Because a large number of patients will suffer cardiac arrest each year, physicians must place attention on improving care for patients in the post-resuscitative setting. Part of this effort requires setting realistic goals based on patients' potential for recovery. Recovery from cardiac arrest often depends on the extent of anoxic brain injury, and for this reason primary teams consult neurologists to offer insight into potential for awakening from post-arrest coma. In doing so, neurologists inform a decision with legal, social and ethical implications. Though inapplicable without preparation at the time of cardiac arrest, the four principles of medical ethics have a direct impact on decision making during the post-resuscitative period. A review of the literature reveals that physical examination, electrophysiology, radiology, and biochemical markers can prove useful in estimating a patient's chances for neurological recovery from cardiac arrest. These factors most reliably predict poor outcome, but do so with high specificity. However, the role of the neurology consultant must change to include guidance on strategies of neuroprotection. Aggressive efforts directed towards neuroprotection may change predictions for outcomes after cardiac arrest in the future.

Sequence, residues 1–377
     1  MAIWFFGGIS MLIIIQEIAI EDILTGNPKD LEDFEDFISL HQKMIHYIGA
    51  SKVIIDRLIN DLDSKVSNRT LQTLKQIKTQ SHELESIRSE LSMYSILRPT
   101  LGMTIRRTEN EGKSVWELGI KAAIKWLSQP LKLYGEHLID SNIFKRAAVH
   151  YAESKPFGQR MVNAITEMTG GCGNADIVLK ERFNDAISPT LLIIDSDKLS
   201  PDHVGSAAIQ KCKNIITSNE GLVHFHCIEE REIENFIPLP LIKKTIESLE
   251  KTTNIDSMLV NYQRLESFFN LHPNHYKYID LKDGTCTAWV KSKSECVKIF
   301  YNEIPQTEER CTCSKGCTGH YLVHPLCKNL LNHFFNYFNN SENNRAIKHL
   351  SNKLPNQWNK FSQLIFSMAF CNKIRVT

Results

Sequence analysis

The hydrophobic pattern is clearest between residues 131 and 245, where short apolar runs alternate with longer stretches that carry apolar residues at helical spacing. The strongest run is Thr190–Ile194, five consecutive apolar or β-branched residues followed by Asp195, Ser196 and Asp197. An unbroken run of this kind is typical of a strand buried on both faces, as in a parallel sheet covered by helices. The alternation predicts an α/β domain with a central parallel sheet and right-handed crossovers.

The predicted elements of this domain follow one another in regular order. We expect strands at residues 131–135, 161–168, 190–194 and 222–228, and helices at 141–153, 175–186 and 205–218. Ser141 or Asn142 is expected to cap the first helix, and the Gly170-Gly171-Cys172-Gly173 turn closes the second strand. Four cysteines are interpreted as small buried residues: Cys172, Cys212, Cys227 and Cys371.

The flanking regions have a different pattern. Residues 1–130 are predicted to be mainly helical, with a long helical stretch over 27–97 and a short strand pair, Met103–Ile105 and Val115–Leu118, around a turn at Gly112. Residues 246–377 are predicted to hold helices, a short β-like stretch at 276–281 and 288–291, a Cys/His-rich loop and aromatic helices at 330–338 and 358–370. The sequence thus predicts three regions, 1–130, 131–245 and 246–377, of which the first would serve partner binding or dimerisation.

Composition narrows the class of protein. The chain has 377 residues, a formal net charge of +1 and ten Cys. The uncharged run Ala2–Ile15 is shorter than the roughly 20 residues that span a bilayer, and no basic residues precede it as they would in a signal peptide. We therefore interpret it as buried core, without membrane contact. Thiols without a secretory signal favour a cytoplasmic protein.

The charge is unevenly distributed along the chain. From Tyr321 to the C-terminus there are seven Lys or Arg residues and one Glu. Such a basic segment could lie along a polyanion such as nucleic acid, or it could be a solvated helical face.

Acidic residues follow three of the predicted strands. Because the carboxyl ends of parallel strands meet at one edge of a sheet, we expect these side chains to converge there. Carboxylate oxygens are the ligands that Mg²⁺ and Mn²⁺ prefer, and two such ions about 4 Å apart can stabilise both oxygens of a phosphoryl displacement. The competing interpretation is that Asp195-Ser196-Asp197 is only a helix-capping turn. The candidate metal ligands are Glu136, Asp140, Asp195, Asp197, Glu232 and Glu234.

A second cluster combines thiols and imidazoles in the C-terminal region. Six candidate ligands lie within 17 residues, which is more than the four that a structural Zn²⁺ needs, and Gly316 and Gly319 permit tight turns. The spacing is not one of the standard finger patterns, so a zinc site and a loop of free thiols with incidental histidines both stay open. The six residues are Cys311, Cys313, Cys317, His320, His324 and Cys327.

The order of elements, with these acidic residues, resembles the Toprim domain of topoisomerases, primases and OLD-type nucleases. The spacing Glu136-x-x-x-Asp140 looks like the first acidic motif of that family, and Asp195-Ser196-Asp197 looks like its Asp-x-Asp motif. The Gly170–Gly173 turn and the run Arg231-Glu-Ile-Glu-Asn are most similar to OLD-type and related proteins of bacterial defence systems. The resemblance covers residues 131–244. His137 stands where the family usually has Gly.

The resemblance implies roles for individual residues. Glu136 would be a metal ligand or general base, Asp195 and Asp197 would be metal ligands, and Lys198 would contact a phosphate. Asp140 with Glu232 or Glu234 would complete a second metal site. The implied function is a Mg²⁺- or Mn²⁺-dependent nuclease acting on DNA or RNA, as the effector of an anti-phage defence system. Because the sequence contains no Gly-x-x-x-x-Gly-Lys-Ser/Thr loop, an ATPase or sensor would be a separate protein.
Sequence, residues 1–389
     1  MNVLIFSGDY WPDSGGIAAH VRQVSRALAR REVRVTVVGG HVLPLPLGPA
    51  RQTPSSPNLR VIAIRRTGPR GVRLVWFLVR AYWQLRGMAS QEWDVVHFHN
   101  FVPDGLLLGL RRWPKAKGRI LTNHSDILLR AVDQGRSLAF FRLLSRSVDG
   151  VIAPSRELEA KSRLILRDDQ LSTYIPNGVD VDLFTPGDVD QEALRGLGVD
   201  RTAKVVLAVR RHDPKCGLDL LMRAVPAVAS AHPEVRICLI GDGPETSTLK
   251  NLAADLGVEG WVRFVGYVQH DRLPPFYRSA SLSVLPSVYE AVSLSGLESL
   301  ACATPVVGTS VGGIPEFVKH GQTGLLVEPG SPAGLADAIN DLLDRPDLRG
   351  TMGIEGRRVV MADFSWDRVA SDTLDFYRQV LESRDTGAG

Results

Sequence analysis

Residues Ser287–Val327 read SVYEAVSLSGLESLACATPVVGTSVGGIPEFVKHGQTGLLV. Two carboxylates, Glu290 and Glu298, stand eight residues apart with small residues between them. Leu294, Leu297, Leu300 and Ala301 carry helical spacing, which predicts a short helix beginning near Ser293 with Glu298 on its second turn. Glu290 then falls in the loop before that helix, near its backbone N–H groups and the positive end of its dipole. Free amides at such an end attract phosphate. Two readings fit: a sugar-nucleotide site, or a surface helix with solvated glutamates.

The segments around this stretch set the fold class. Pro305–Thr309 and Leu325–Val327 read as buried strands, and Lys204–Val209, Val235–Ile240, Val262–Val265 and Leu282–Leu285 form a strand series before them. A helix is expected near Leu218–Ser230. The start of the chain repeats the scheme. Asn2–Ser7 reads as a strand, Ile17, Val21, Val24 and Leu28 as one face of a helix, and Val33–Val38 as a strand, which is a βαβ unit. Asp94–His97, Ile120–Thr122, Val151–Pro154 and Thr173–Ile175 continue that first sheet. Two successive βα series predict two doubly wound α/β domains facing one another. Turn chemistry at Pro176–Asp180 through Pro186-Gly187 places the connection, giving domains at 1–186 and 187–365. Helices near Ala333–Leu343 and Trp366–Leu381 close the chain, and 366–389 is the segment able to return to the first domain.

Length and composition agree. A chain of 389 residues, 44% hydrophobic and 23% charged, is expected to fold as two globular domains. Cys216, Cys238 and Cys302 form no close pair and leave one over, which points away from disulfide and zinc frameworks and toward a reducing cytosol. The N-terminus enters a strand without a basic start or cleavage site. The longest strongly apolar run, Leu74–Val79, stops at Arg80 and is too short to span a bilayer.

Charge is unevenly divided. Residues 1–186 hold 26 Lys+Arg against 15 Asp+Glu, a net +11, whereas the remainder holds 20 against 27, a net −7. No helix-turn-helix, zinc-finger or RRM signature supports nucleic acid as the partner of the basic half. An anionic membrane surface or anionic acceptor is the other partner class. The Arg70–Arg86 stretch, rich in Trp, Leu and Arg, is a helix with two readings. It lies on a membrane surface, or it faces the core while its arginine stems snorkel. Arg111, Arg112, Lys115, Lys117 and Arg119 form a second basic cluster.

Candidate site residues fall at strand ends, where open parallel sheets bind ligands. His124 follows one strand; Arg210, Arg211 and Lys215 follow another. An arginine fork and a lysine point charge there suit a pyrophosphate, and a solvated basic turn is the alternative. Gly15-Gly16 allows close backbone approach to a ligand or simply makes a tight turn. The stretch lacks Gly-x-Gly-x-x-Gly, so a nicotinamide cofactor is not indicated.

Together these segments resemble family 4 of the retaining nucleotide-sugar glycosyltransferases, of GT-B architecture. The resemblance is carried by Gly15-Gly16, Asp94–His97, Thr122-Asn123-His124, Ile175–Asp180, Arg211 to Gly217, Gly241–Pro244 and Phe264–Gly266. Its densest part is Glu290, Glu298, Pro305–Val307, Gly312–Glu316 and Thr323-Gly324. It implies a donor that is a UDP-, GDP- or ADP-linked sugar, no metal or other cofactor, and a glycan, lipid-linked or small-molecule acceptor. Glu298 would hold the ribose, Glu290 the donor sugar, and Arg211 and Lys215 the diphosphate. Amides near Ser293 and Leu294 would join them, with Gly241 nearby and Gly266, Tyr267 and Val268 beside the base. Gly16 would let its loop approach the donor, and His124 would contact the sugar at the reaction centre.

ASJC Scopus subject areas
- Clinical Neurology